Man sparks debate after admitting he tips on behalf of his wife’s ‘annoying’ restaurant habits
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To tip or not to tip? That is really not the question when you're in a restaurant as the serving staff probably rely on your tips so they can actually afford to live off their job - especially in the US.
No, the question instead tends to be how much of a tip you should leave when it's time to get up from the table and head home.
While most people tip as a percentage of the bill (how much is appropriate is a matter of some debate) there are some who have their own system.
One man caused quite the stir after he took to the internet to ask if his own method of tipping was wrong or not, especially as he rather dropped his wife in it in the process.
Taking to Reddit, he explained that he paid the 'normal gratuity' but on top of it he'd add on extra amounts every time his wife demonstrated an 'annoying habit'.
The man said she'd picked up certain habits from her family including frequent complaining, often sending food back if it wasn't 'absolutely perfect' and asking for 'needless requests/substitutions'.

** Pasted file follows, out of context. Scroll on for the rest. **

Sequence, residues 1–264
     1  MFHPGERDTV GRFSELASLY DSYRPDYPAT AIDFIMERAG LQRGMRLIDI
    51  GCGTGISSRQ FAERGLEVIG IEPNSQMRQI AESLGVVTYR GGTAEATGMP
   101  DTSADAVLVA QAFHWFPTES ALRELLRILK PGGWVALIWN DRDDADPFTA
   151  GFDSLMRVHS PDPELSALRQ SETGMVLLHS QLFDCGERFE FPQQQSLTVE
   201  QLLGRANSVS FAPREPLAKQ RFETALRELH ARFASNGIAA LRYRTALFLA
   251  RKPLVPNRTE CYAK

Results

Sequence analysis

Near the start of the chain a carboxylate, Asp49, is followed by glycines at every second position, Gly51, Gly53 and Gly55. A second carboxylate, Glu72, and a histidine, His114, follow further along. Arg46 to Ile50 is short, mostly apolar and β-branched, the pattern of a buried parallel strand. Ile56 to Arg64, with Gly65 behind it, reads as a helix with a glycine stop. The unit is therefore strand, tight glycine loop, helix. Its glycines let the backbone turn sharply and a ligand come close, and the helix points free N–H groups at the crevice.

He gave an example where his wife complained about the restaurant not having a particular drink, asked five questions about one item on the menu, asked for a new drink because the other one had too much ice and sent back her meal despite it being 'exactly what she ordered'.
For each of these he stuck another $5 on the tip and wrote it out onto the bill. He admitted that, after getting away with it a couple of times, his wife had noticed and was 'mad' at him.
Wanting to know if he was in the wrong he threw the question out to the internet.
By and large most people thought he was alright, with one person saying it was a 'great' idea they hoped 'will give her some perspective'.
Someone else said they imagine that the servers 'enjoy the little fun' of getting a bit more of a tip after dealing with a difficult customer.
A third agreed that he really wasn't in the wrong and suggested that he challenge his wife to 'go out to dinner without a single complaint' and see if she recognises her own behaviour.
However, others thought he was in the wrong as his extra tip didn't make up for his wife being rude to staff at restaurants they went to.
A restaurant owner waded into the debate and said the damage done couldn't be solved by tips, claiming that other customers suffered as it meant the kitchen was 'pushing back their orders' to deal with the complaint.
Plenty said if this was happening every time they went out to eat then they shouldn't be going out to eat, while one set of comments devolved into a discussion among kitchen staff on the ethics of spitting in food.
The vast majority said that despite the stereotypes of spitting in a returned dish, they would 'never tamper with food' and at worst might vent their stress at a difficult customer by 'crop dusting', which involves walking past a table with a complaining customer and farting as they went by.
In the end, the man updated people to say that his wife had seen the debate and was 'going to try to be a better customer' after seeing people give their verdict.